Breaking Ground 108 - The Next Frontier: What will the Council work on for the next five years?by Jolene Sharp, Chief Public Information Officer, TN Council on Developmental Disabilities
The Council officially began working under a new five-year state plan on October 1. Why does that matter?
Every state council like ours is required to write a new state plan every five years. The state plan is our map for how we will do the work we’ve been given by the federal Developmental Disabilities Act:
- Supporting advocacy (making sure the voices of people with disabilities and their families are heard)
- Building capacity (growing the disability supports that are available)
- Systems change (making services better for people with disabilities)
The new plan is based on your input!
Hundreds of you responded to our public input survey last year. That survey is a key part of creating our state plan. Your responses helped us know what is important to Tennessee’s disability community. For example, you told us that the most important areas for services are:
- health and wellness
- money and finance
You also told us that it is hard to learn about services in the areas that are important to you. That feedback is guiding an important new area of the Council’s work – more on that in a minute.
The Council also gets ready for a new state plan by doing a “comprehensive review and analysis” of Tennessee disability services. This helps us understand all the services that already exist. We learned that Tennessee has 154 disability services across 23 different state agencies. This shows how complex the system is – and why it can be so overwhelming for people with disabilities and their families.
What we did with your input: the Council’s new five-year state plan!
Our plan has three broad goals. Under the goals, objectives tell the concrete ways we will meet the goal. We’ll also share some examples of current projects under each goal.
Tennessee Council Five-Year State Plan 2021-2026
Goal 1: Developing Engaged Leaders
- Objective 1.1: Provide leadership learning and development programs to Tennesseans with disabilities and their family members to increase advocacy skills and engagement.
- Objective 2.1: Support grassroots self-advocacy in Tennessee through three training and program development activities to increase advocacy skills and engagement.
Example projects: Partners in Policymaking®, Council scholarship fund, youth trainings, supporting self-advocacy groups
Goal 2: Improving Policy and Practice
- Objective 2.1: Track, summarize in plain language, and share information with Tennesseans about policies that impact people with disabilities. Position the Council as a top resource for Tennesseans to learn about policy affecting people with disabilities.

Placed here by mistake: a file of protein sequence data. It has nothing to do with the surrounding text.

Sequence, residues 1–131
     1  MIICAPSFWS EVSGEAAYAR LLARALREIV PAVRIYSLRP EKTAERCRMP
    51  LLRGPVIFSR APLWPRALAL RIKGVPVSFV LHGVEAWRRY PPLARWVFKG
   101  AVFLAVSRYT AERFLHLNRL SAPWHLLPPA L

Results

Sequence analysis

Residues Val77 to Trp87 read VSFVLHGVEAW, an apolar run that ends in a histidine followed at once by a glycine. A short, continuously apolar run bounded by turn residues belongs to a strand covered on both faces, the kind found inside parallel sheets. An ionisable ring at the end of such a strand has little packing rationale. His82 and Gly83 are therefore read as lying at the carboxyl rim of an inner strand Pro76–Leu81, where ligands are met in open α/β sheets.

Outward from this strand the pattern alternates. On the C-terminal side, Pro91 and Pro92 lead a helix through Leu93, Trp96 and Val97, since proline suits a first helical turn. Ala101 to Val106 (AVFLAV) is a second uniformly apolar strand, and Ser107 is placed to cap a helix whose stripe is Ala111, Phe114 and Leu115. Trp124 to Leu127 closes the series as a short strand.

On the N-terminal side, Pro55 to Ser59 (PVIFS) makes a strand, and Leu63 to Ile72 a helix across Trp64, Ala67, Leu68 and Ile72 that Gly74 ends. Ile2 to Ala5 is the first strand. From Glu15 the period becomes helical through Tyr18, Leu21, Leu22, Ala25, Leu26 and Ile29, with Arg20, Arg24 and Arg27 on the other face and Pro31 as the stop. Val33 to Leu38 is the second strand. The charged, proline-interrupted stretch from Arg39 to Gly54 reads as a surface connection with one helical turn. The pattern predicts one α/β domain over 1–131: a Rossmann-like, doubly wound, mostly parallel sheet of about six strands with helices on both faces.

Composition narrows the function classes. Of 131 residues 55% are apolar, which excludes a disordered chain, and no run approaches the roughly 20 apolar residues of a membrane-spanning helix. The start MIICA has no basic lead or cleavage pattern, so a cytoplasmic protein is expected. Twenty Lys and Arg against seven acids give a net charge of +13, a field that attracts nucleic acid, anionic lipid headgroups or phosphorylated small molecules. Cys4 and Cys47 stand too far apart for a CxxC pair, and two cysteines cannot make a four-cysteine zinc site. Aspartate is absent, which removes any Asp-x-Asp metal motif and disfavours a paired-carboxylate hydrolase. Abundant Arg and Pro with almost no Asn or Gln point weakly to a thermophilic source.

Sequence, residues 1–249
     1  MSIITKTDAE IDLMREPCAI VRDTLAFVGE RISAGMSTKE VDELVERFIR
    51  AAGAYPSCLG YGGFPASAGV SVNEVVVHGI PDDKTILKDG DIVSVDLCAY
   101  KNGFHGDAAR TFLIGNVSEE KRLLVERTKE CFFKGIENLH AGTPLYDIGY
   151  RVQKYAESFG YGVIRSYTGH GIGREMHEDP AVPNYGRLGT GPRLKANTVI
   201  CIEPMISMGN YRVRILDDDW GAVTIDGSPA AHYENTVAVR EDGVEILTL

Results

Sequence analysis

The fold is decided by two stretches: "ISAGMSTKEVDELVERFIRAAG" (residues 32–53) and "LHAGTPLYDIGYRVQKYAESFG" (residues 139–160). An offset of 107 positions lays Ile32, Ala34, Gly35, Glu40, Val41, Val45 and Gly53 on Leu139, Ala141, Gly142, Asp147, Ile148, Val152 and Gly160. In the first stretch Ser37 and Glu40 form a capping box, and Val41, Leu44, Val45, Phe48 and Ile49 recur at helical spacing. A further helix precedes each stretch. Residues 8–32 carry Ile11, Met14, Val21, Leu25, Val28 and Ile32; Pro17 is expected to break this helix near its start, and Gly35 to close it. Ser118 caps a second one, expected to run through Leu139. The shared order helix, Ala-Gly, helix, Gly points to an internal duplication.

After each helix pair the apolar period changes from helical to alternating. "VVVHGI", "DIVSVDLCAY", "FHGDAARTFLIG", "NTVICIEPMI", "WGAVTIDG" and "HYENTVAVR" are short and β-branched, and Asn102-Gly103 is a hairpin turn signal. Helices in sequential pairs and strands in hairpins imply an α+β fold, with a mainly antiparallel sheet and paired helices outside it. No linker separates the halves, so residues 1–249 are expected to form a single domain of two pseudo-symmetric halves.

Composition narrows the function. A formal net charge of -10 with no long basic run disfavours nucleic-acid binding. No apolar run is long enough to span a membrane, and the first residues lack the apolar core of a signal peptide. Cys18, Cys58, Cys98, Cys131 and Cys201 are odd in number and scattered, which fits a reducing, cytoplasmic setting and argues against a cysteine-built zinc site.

- Objective 2.2: Ask for and study the perspectives of people with disabilities to identify system barriers and make sure those perspective influence policy changes.
- Objective 2.3: Measure progress toward inclusion, self-determination, and independence.
Example projects: Tracking opportunities to impact policymaking, weekly public policy e-newsletter, offering input and recommendations on policy changes, trainings on best practices
Goal 3: Informing the Public
- Objective 3.1: Use a wide range of communication tools/platforms and partnerships to:
- Increase accessible disability information and resources for people with disabilities and their families.
- Build understanding and engagement on disability issues relevant to Tennesseans.
- Increase engagement with historically underrepresented groups – including Black, Hispanic/Latinx, LGBTQ+, immigrant, refugee, and rural communities.
- Objective 3.2: In fiscal year 2022, work together with the Tennessee Developmental Disabilities Network communications team to increase access to healthcare information for LGBTQ+ Tennesseans with disabilities.
Example projects: All Council communication platforms (like social media or this magazine), community events, partnerships to share information with other agencies or groups
What’s really new in this plan?
The plan’s structure is similar to the last five-year state plan. It leaves room for our specific work to grow and change. But there are a few important themes we want to point out. These areas are the new frontier of the Council’s work.
- Leading on “plain language.” Plain language is information our audience can understand the first time they read or hear it. Our unique role allows us to serve as an information bridge. We can help sister state agencies share important information with our statewide disability community. And we can make sure the disability community gets clear, easy-to-understand information about the issues and services that matter to them.
- Connecting with underrepresented and marginalized communities. People with disabilities who are also marginalized in other ways face many extra barriers. The Council is expanding who we are hearing from, and who we are reaching with information and resources. This means building new relationships. It means hearing and sharing stories of people from widely diverse experiences and backgrounds. It means sharing information in new ways to reach people who are not already well-connected.
- Increasing engagement. We don’t just want to push information out. We want to have more conversations. We want to bring more people into our work. We want YOU to be at the table where important decisions are made.
The Tennessee Council is pushing forward the work of the Developmental Disabilities Act. We count on you to help us. Your feedback tells us when we’re getting it right – and when we’re not. Your stories and perspectives are the real force for change. Come along with us. There is great work to be done!